Unlike BOURNE, entries in the BOND (1962 - 2021) franchise have only the thinnest layer of canonical persistence. This quality has allowed each entry to begin with a perfectly neutral status-quo, thereby liberating writers and producers to do whatever strikes their fancy. MISSION IMPOSSIBLE enjoys a similar framing, with events from preceding installments only loosely impacting today’s crisis.
So, what themes and tropes make these spy movies tick?
First and foremost, spy movies offer us the power-fantasy of operating above, beyond, or outside any laws or jurisdiction. You can go anywhere and kill anyone. Assume a new identity at will. Lie to whomever. It is all permissible. Even killing your boss is on the table in spy movies. (“He was a double-agent! I had to!”) The paranoia of wondering who you can trust is the funnest part of the genre. Anyone could be kompromat. TINKER TAILOR SOLIDER SPY (2011) is perhaps my favorite for this very reason.
Second, spy movies have a unique ability to collapse space. Characters jet-set across the globe following the trail of whatever MacGuffin is driving the plot. MISSION IMPOSSIBLE (1996 - 2024) gleefully uses this move, rapidly advancing storylines forward while simultaneously satisfying the audience’s desire for the exotic. In LEGACY, Norton nonchalantly informs Renner he’s off to Yemen next. To have a job that can spirit you away to any city at any time for any reason! Oh, the adventure!
Third, and this is the thing that interests me the most, is the spies that get out transcend beyond the geofences of the surveillance industrial complex. In THE BOURNE IDENTITY, our protagonists successfully evade all government agencies and exist in an idyllic coastal town under assumed aliases. In LEGACY, our heroes literally sail into the sunset while enjoying the same liberation. Not only have they transcended the facial-recognition software and call-loggers and field agents and assassins, but they are absolutely free to live whatever lives they want. Their designer backpacks lined with government cash and a dozen different passports.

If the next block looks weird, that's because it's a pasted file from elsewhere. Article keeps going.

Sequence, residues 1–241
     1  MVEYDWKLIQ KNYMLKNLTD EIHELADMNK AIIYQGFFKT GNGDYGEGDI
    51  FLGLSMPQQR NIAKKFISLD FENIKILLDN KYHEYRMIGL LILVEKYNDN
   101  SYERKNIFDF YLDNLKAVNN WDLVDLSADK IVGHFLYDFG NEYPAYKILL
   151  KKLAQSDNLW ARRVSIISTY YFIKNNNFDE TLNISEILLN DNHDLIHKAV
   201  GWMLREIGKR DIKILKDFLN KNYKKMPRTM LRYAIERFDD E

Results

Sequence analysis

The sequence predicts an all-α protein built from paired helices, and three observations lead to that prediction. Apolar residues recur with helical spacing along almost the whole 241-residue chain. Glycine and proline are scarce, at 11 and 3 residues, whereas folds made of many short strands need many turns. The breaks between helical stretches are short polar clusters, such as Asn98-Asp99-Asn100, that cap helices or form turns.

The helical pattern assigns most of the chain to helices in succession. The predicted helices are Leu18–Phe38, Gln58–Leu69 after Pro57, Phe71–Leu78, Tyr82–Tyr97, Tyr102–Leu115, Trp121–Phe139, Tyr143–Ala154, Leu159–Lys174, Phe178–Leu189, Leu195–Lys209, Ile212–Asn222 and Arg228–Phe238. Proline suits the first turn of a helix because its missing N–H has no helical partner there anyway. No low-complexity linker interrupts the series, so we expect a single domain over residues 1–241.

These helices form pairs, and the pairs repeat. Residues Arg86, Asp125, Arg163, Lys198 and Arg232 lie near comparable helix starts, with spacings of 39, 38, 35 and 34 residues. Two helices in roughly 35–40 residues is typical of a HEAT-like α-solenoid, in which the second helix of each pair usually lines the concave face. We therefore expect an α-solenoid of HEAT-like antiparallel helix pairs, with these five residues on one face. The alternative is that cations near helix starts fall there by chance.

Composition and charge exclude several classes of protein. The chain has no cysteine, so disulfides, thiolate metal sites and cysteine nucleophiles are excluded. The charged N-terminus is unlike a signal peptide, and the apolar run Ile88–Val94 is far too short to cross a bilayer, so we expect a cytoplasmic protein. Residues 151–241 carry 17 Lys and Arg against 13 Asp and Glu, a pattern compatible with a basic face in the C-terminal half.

No other genre offers this vicarious experience. These stories communicate, “the way out is through.” In other words, only spies, secret agents, and super-soldiers have the skills and perspective to escape surveillance industrial capitalism. It is a subtle opiate. Don’t even try. You are not trained. You cannot do it.
And why should you? Do you have something to hide? I certainly don’t. Folks frequently comment on the vulnerability and earnestness of my writings and videos. I understand why it may be jarring. While so many are posturing and performing success, I’m honest about being crushed by student debt and the psychological toll 21st century existence has on empathic and aware humans. Transcending surveillance isn’t at the top of my todo list, though I did just install a “pi-hole” last week. I won’t give up, though. That is the mission of artists: to not give up.
To not give up and to help others not give up.